As we continue to carve out a new life for ourselves in quarantine, we have started referring to “our bubble.” Stay safe, stay home. We are wary of popping our bubble by some careless slip of protocol. We care for our safe zone (our bubble) and speak of it fondly sometimes, as we tend to it like one would a houseplant or a pet.
Yesterday we went for an early morning walk at Elm Grove Cemetery in Mystic. It’s a large scenic resting place along the Mystic River, just north of Mystic Seaport. The seaport is closed for the pandemic and many (most?) of its employees have been laid off. We parked at the south end of the graveyard where we could see the dockyard across the water and also explore the fascinating carvings on the gravestones of past sailors.
We’re going to renew our membership to Mystic Seaport anyway. Even though we have no idea when it will be safe to visit again.
I’m pretty sure that cliff and house (above) are part of the Peace Sanctuary, where Janet, her mom and I took a lady slippers nature walk back in 2013. See lady slippers.
Will the Viking ship have any adventures this year? I have my doubts there will be a Viking Days festival this June…
And we finally came around back to our car. Can’t believe it’s six years old! In some places folks aren’t permitted to drive somewhere to take a walk but we are, thankfully. Tim says it isn’t good for cars to sit without running for long periods of time. Our car is an important part of our bubble!
This was our first walk where we did not encounter a single person! Not sure if it was the location or the time of day that did the trick. I suspect there will be more cooler early morning walks as the warmer summer days come along. As long as we can manage to stay safe in our bubble.
We now have 21 confirmed cases of COVID-19 in our town.
The fourth heat wave of the season begins today. It’s expected to last three days.
So far in 2018, there have been 3 heat waves: the first lasted 7 days… June 29th – July 5th; the second one was only 3 days… July 15th to the 17th; the third one was 5 days in duration… August 5th to the 9th. … Also, a record has been set for longest stretch of consecutive days 80 or higher, for the Hartford Area. The prior record of 36 days from 1939 was well surpassed, with 44 days in a row, from June 28th to August 10th of this year! ~ Mike Cameron (Eyewitness News, Channel 3 website)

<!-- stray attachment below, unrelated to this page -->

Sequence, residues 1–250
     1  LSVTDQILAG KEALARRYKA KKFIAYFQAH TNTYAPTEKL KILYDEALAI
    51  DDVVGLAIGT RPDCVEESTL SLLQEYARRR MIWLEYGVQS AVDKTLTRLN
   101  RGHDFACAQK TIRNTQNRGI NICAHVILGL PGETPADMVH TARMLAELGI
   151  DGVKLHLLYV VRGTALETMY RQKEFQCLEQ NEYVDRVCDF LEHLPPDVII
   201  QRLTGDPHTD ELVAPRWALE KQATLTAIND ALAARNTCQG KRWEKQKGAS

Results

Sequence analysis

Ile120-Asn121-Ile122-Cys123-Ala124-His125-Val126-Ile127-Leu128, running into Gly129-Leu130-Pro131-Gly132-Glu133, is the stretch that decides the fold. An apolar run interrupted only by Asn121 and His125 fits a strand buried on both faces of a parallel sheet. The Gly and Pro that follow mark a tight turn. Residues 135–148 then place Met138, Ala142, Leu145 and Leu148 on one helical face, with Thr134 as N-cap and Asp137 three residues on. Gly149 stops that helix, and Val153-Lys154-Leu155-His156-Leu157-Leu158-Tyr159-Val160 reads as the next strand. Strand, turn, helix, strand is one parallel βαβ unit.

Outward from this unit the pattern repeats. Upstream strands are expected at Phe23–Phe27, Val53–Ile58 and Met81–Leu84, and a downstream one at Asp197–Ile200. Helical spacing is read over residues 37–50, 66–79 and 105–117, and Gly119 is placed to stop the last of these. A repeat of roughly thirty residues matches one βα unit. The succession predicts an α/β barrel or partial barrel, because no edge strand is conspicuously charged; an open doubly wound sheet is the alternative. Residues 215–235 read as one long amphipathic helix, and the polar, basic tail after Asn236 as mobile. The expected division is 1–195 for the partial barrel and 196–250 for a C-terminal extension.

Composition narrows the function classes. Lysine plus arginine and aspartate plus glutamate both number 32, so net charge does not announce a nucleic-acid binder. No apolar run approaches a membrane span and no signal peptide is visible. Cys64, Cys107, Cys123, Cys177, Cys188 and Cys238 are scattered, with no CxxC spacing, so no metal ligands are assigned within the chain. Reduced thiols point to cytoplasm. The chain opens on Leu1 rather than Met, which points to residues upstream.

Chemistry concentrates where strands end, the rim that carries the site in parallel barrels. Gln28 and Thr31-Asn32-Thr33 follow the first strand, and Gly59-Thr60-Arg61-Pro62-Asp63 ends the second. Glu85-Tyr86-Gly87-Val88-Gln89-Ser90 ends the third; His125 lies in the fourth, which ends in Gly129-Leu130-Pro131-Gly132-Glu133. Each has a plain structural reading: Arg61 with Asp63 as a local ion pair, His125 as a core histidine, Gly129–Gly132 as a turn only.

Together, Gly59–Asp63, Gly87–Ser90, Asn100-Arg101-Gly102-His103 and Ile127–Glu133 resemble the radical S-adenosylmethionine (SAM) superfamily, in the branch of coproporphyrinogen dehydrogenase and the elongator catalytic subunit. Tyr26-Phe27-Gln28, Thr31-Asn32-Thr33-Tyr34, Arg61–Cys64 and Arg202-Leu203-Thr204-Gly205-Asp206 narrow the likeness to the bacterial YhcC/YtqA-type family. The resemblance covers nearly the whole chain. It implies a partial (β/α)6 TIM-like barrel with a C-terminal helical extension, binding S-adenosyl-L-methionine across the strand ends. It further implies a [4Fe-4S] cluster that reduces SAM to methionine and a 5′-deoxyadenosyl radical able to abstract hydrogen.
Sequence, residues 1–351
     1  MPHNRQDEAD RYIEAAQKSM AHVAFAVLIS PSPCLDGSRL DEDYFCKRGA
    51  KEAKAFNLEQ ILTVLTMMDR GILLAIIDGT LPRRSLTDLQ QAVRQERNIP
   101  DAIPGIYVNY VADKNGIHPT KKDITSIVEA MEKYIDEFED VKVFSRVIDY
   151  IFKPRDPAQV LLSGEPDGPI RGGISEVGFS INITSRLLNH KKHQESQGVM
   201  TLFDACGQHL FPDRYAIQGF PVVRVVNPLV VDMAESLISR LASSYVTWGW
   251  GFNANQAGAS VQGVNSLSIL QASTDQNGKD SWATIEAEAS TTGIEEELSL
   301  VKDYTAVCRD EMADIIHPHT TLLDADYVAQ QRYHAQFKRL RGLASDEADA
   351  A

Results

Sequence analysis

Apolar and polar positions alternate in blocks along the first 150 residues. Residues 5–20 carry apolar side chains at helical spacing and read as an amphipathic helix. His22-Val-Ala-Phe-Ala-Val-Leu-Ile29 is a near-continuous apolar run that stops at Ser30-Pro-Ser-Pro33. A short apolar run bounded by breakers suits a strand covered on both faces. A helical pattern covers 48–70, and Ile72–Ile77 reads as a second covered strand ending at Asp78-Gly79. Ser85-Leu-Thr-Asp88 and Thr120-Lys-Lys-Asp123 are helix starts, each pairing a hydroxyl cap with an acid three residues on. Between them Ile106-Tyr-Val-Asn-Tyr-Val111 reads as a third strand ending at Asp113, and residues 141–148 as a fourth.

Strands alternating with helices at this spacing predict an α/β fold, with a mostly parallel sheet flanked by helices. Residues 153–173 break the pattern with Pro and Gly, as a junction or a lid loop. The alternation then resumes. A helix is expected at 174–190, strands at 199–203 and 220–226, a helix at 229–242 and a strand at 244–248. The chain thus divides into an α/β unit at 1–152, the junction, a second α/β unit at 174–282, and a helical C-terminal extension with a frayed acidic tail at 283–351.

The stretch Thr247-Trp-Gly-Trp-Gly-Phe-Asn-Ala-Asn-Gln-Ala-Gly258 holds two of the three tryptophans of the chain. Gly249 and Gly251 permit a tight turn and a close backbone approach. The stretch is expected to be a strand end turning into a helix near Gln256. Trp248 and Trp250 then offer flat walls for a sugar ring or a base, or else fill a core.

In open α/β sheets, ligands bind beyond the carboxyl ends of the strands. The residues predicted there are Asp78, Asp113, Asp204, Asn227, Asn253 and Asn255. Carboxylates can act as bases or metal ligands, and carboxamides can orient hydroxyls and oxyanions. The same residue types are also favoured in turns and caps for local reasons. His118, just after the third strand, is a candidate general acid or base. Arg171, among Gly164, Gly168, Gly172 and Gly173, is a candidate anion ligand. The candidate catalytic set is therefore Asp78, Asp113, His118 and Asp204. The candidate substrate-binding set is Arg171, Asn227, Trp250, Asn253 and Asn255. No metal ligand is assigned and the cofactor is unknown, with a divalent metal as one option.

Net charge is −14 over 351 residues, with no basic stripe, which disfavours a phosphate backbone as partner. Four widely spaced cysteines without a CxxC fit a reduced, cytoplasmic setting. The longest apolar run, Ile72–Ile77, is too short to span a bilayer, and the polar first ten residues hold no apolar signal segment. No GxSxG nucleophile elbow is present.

The end of this brutal summer cannot come soon enough for me!
Last night we went down to the beach to see the full moon. Even the sea breeze was humid! But on the bright side we saw a few laughing gulls, who have learned to ignore the gull repellent system, hanging out in the parking lot!!!
Up and away for life! be fleet!- The frost-king ties my fumbling feet, Sings in my ears, my hands are stones, Curdles the blood to the marble bones, Tugs at the heart-strings, numbs the sense, And hems in life with narrowing fence. Well, in this broad bed lie and sleep,- The punctual stars will vigil keep,- Embalmed by purifying cold; The winds shall sing their dead-march old, The snow is no ignoble shroud, The moon thy mourner, and the cloud. ~ Ralph Waldo Emerson (The Titmouse)
Nate & Shea are visiting us and last night the clouds held off so we could share viewing the supermoon eclipse combo with them. Lucky for us because apparently this won’t happen again until 2033. We went down to Avery Point to see the moonrise at 6:27 pm but somehow missed it behind a building. After walking around the campus a bit we finally found it, too late to catch a picture of it on the horizon. But it was still impressively large, and as most of us know, the camera does not capture the moon illusion that our eyes see.
After we watched the moonrise we returned to our house and watched the lunar eclipse from the balcony, which began a couple of hours later.
We were exhausted from a long day. In the afternoon we had taken a lighthouse ferry cruise on Long Island Sound. Nate and I stayed up until the middle of the total lunar eclipse (10:47 pm according to one website) and then turned in. The clouds came in overnight so we could not see the moon setting this morning. But we were grateful we stayed awake long enough to see half of this rare event.
The bottom may drop out of my life, what I trusted may fall away completely, leaving me astonished and shaken. But still, sticky leaves emerge from bud scales that curl off the tree as the sun crosses the sky. Darkness pools and drains away, and the curve of the new moon points to the place the sun will rise again. There is wild comfort in the cycles and the intersecting circles, the rotations and revolutions, the growing and ebbing of this beautiful and strangely trustworthy world. ~ Kathleen Dean Moore (Wild Comfort: The Solace of Nature)
There is an ecstasy that marks the summit of life, and beyond which life cannot rise. And such is the paradox of living, this ecstasy comes when one is most alive, and it comes as a complete forgetfulness that one is alive. This ecstasy, this forgetfulness of living, comes to the artist, caught up and out of himself in a sheet of flame; it comes to the soldier, war-mad in a stricken field and refusing quarter; and it came to Buck, leading the pack, sounding the old wolf-cry, straining after the food that was alive and that fled swiftly before him through the moonlight. ~ Jack London (The Call of the Wild)